This June 2009 accident report is provided by the National Transportation Safety Board. Published as an educational tool, it is intended to help pilots learn from the misfortunes of others.
Aircraft: Cessna 182. Injuries: 2 Fatal. Location: Dougherty, Texas. Aircraft damage: Destroyed.
What reportedly happened: There was no record of the pilot obtaining a formal weather briefing before the flight. Weather information for the time of the accident depicted an area of light precipitation, consistent with a thunderstorm in the immediate vicinity of the accident. Convective SIGMETS, METAR observations, and witness reports noted thunderstorm activity, brownout conditions, dust storms, and the possibility of severe to extreme turbulence at the time of the accident.
The pilot had logged 412 hours, including 45.5 hours in a Cessna 182. Of his total time, 17.7 hours were at night, and 4.6 hours in simulated instrument meteorological conditions.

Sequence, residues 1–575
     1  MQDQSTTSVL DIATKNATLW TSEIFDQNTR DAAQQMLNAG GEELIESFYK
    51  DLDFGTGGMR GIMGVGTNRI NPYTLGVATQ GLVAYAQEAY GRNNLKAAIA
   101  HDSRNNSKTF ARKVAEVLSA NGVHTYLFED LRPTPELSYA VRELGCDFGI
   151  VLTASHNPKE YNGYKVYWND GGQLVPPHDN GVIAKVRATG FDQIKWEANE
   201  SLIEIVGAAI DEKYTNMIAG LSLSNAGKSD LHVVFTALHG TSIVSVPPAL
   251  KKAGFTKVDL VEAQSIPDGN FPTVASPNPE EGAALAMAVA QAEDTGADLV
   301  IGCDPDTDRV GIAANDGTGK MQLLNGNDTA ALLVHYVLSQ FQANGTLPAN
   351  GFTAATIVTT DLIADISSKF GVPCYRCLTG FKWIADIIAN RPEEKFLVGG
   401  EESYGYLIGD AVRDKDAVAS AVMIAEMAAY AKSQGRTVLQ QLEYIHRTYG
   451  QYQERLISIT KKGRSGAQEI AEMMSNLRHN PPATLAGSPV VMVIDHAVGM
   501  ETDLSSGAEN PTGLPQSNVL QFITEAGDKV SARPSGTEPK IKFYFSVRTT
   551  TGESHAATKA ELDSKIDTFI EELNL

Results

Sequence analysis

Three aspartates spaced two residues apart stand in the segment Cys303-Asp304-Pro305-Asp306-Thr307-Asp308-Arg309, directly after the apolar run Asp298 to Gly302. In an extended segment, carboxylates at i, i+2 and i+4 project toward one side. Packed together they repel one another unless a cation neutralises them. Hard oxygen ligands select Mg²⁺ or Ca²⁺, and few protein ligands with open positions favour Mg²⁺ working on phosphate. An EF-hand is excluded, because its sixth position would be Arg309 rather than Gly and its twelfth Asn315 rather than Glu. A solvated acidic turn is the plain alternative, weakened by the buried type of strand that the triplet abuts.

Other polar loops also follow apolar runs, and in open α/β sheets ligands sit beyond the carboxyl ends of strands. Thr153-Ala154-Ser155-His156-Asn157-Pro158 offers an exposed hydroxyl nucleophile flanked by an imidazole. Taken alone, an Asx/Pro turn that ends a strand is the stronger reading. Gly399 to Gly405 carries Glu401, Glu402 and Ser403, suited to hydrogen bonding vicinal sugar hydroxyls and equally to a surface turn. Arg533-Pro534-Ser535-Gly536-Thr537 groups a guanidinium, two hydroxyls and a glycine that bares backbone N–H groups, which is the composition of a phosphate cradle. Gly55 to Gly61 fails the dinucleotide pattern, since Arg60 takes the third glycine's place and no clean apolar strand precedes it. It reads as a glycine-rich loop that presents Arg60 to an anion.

Radar data provided for the last portion of the accident flight depicted the airplane changing heading and altitude on several occasions. The airplane impacted an open field in a nose low attitude and was fragmented on impact. An examination of the airframe, engine, and airplane systems revealed no pre-impact anomalies.
Probable cause: The pilot’s improper decision to continue flight into known adverse weather conditions resulting in his inability to maintain aircraft control after penetrating the thunderstorm gust front. Contributing to the accident was the pilot’s lack of preflight planning, failure to obtain a weather briefing, and the severe to extreme turbulence, blowing dust which produced brownout conditions associated with thunderstorm activity.
For more information: NTSB.gov. NTSB identification: CEN09FA369.